Youth Perspectives

How young people are creating an impact at Davos 

A young man is seen wearing a "Pokemon" cap as people gather to play the augmented reality mobile game "Pokemon Go" by Nintendo at Puerta del Sol square in Madrid, Spain July 28, 2016. REUTERS/Sergio Perez - D1BETSFPBCAA

Over 50% of the world’s population is under the age of 27. Image: REUTERS/Sergio Perez

Jaideep Bansal
Chief Executive Officer, Global Himalayan Expedition (GHE)
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Youth Perspectives

This article is part of: World Economic Forum Annual Meeting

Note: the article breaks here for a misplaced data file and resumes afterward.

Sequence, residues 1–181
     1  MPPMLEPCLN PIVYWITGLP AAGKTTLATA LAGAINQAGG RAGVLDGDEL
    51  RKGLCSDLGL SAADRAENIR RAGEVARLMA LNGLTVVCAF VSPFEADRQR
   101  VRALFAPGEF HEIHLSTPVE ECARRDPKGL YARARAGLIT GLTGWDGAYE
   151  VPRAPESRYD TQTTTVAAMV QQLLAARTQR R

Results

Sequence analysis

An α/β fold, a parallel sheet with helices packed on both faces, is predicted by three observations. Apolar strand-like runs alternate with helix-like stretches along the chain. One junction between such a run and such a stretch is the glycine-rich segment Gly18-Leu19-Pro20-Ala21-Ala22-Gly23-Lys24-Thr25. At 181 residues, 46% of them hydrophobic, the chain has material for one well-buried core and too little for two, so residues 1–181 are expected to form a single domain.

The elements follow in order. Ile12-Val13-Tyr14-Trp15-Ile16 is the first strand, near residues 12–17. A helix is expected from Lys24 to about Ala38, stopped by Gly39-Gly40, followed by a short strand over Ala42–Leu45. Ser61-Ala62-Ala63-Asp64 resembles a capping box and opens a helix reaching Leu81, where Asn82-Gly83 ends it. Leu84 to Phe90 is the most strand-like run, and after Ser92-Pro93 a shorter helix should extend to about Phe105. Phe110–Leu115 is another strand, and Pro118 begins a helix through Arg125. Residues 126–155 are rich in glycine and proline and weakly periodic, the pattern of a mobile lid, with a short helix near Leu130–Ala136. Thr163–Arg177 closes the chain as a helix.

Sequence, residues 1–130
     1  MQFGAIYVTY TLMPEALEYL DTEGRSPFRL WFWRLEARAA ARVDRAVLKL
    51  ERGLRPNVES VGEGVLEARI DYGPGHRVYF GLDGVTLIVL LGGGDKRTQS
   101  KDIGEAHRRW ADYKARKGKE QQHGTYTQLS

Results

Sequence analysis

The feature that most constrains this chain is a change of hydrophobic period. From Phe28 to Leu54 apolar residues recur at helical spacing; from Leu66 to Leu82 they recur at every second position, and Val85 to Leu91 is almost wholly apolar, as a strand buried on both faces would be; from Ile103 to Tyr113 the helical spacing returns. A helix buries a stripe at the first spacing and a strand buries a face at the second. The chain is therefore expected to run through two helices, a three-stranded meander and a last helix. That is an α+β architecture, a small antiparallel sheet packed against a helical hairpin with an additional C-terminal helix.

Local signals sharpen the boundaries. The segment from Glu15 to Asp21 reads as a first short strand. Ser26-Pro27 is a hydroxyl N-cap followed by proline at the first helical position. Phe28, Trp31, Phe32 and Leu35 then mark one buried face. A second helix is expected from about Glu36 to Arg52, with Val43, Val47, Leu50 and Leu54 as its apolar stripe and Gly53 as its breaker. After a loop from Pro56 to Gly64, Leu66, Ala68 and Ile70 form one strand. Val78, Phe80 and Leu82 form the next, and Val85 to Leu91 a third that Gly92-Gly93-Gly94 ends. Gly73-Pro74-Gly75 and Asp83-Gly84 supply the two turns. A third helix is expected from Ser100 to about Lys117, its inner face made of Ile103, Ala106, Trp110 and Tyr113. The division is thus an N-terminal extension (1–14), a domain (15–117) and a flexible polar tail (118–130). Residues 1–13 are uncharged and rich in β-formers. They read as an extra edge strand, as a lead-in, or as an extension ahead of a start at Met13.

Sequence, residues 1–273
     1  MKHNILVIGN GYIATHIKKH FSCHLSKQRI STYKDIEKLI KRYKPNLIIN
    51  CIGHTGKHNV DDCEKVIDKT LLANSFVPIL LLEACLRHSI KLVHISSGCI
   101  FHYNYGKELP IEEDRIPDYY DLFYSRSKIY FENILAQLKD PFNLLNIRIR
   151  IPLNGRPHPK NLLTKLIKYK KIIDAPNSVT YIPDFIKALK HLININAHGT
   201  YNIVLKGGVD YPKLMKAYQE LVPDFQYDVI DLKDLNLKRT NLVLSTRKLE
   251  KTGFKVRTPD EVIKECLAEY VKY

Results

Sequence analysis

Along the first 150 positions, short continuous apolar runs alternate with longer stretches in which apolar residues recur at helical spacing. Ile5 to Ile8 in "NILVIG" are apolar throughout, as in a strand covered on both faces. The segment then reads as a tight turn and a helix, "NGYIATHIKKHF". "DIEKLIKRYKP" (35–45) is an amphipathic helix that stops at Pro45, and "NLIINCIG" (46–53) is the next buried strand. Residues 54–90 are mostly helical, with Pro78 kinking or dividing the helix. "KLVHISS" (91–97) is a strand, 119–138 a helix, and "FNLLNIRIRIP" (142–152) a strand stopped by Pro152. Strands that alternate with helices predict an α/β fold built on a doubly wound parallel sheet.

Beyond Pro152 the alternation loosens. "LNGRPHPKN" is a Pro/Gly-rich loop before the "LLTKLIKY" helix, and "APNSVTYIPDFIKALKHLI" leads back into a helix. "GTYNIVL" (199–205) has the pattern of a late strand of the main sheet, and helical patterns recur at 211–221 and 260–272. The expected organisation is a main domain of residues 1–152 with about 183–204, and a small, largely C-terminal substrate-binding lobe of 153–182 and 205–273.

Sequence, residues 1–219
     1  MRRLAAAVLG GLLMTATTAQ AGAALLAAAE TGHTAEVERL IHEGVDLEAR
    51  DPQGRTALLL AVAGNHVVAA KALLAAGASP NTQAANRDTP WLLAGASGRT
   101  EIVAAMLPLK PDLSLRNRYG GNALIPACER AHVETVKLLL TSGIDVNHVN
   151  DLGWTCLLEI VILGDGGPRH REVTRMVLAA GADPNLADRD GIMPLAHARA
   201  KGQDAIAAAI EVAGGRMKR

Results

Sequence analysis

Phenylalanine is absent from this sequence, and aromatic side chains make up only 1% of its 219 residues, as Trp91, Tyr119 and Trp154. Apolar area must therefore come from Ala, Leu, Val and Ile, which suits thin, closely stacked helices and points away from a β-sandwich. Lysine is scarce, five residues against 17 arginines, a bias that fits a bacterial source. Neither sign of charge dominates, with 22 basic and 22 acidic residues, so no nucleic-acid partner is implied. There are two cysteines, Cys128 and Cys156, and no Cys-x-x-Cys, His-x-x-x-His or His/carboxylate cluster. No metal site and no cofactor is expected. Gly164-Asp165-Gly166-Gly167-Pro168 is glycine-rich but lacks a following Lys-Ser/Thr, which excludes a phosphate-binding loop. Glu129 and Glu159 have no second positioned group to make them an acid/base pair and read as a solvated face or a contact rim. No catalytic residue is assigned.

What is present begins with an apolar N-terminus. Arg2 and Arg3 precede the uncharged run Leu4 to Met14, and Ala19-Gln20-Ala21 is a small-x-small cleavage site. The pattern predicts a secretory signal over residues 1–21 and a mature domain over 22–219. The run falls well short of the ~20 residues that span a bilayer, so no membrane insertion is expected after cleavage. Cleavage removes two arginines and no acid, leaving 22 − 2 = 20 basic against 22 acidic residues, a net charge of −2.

Every January, the small Swiss town of Davos moves into the spotlight, as more than 2,500 leaders from business, government, international organisations, civil society, academia, media and the arts gather for the World Economic Forum’s annual meeting.

The theme of this year’s meeting is Creating a Shared Future in a Fractured World, expressing the need to develop a shared narrative to improve the state of the world. This cannot be done in silos and calls for greater co-operation and collaboration between different stakeholders at a national and international level.

The image many have of a meeting of leaders of business and government is of a room filled with people aged 50-70, even 80 years old, discussing the narratives that will shape the world. But the decisions taken today will not impact their generation, they will impact young people.